Yesterday, I wrote about the importance of living out of the ordinary. Today, I’m going to take the neuroscience a step further by applying it to learning environments. To review:
Neuroscience research demonstrates that when we break out of the routine and enjoy something new, our brains reward us with a dopamine flood. We essentially give ourselves a pat – not on our head, but inside our head. If we continue to do the same thing over and over, the dopamine flood recedes and eventually dries up – the routine deadens the response.
The research shows that the same reward response – dopamine flood – is produced when we make mistakes and errors. Why? Because our brain is stimulated by surprise, by the unexpected. Our brains are built to detect errors; they really go nuts when something unpredictable occurs. We are immediately motivated by the dopamine surge to seek out new solutions and ways of understanding. As Stephen Hall says, “Success breeds habit and failure breeds learning.”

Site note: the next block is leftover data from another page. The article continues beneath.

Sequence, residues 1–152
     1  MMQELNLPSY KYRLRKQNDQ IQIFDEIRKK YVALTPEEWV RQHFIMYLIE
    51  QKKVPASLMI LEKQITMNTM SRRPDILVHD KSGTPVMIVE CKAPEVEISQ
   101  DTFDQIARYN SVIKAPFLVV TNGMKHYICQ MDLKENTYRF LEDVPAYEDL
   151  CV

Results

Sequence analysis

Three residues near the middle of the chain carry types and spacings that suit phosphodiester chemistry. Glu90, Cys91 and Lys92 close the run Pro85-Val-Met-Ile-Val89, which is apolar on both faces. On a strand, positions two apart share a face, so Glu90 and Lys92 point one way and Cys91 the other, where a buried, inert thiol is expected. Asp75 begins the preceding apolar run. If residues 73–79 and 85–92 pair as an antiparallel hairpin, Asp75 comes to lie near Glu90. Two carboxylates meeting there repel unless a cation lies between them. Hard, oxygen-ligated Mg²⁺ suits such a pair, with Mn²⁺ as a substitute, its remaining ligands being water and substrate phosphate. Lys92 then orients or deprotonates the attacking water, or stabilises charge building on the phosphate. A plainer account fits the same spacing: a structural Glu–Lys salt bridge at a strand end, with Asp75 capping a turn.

In a learning environment, this is an argument for the importance of actively engaging participants through a variety of methods – including learning from mistakes. The dopamine system fires in surprise not only at new information, but at any moment when information doesn’t fit our existing patterns of understanding. Our brains drive learning when we encounter the new and unexpected – and make mistakes.
In practice this demands that the facilitator or instructor be well-prepared. Pre-tests or pre-course surveys can stimulate participants brains with questions before the session begins. Dividing participants into small groups to brainstorm stories and ideas stimulates their thinking through encountering others’ patterns and solutions. Using a variety of media, activities, and props can make the experience memorable as brains sit up and take notice. When mistakes are made, use critical thinking questions and techniques to further stimulate the brain’s drive to make new connections.
What other ideas do you have about creating an environment that wires participants’ brains to learn?